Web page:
Fat burn to balance energy level
To switch our bodies from digesting the “easy-accessible sugars” to burning fats (and keep our energy more balanced throughout the day), we may need to change our eating habits:
- limit our eating moments to three main meals (breakfast/lunch/diner).
- have healthy main meals, that are saturating and energy-efficient,
To maintain balanced energy levels throughout the day, we should include more healthy fats and minimize fast carbs or sugars in our main mails. A good main meal will keep us saturated long enough, until the next main meal. We should limit ourselves to a maximum of three eating moments per day. Also, avoid caloric fluids in between the main meals. Non-caloric drinks, such as water and unsweetened tea or coffee (without milk) can be taken throughout the day. This will help us not to take frequent snacks, not even after diner when we are watching TV or relaxing.
Nowadays our agendas are filled with things to do for our jobs, household, family, and social life. And busy traffic, phones, e-mails, social media, and daily news are triggering our brains with non-stop impulses, from the moment we wake up until the moment we get back to our beds to sleep. For optimal digestion, switch off from screens, phones, and other stressors when you are eating. Take the time to eat! Breathe slowly, take smaller bites and chew well. Having a meal when we are in the relaxed modus, will optimize the uptake of the nutrients.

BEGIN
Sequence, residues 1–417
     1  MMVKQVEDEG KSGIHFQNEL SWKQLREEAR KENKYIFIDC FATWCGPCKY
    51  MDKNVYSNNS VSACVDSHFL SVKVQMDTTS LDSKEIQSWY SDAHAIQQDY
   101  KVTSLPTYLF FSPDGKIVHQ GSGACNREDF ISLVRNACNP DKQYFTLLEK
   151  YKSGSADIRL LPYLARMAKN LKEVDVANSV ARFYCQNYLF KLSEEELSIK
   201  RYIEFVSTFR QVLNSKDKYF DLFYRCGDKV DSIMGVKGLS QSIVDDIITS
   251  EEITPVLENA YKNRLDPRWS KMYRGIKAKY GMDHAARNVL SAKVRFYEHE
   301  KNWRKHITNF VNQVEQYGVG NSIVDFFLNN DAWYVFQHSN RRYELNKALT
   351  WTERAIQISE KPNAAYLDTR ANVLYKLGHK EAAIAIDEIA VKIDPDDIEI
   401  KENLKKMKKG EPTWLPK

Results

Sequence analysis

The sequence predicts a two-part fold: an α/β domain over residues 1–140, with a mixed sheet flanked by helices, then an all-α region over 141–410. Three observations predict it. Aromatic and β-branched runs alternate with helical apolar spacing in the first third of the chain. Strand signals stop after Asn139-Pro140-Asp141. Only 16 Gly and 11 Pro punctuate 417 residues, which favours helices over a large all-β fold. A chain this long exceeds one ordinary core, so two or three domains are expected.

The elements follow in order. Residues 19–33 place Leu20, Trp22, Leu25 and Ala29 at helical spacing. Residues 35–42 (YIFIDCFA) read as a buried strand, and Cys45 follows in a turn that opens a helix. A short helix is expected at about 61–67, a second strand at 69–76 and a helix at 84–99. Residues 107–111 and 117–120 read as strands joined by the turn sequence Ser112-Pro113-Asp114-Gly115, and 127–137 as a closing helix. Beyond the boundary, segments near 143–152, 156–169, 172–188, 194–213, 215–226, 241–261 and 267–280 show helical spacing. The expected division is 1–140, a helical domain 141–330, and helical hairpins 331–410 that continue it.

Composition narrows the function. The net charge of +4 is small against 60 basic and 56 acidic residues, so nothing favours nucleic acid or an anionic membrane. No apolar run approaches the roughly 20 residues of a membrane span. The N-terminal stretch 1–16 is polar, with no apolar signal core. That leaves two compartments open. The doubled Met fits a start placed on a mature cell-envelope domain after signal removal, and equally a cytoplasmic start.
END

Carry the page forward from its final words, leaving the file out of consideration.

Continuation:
To stick to a healthy nutrition plan it is recommendable to:
- Invest in time-saving kitchen equipment
- Plan (and shop) your groceries ahead. If it doesn’t fit the health or fitness goal, it shouldn’t go into the kitchen. This will avoid you grabbing a quick unhealthy snack in between meals.
- Always have “emergency food” lying around when you don’t have the time to cook: healthy snacks like raw unsalted nuts, oats, yogurt, eggs, fruit, and raw vegetable snacks.
- Prepare your ingredients in advance: create a few days stock of containers with chopped-up vegetables or home-made marinates.
- Eat 3 good meals a day that fuels you with energy-efficient nutrients that are saturating, to avoid unhealthy snacking moments.
- Put a rainbow of colors of fruits and non-starchy veggies on your plates
- Reduce fast-burning carbohydrates (sugar -candy, biscuits, soft drinks, bread, pasta, rice, quinoa, etc.). Vegetables and fruits contain slow-burning carbohydrates.
- Have enough products that contain the essential proteins.
- Add foods with healthy fats and Omega-3 such as in salmon, avocado, and (raw, unsalted) nuts
- Drink at least 2 liters of water per day. Have your tea or coffee without sugar and milk.
- Don’t consume anything anymore, after you’ve had diner.
- Limit the intake of alcohol to once or twice per week.
Find your own routines
I fully appreciate that each individual has their own reasons for choosing the dietary approach that they do whether it be health-related, ethical, or cultural – there is not just one right approach that works for everyone. Each of us is unique and we need to find out what works for us.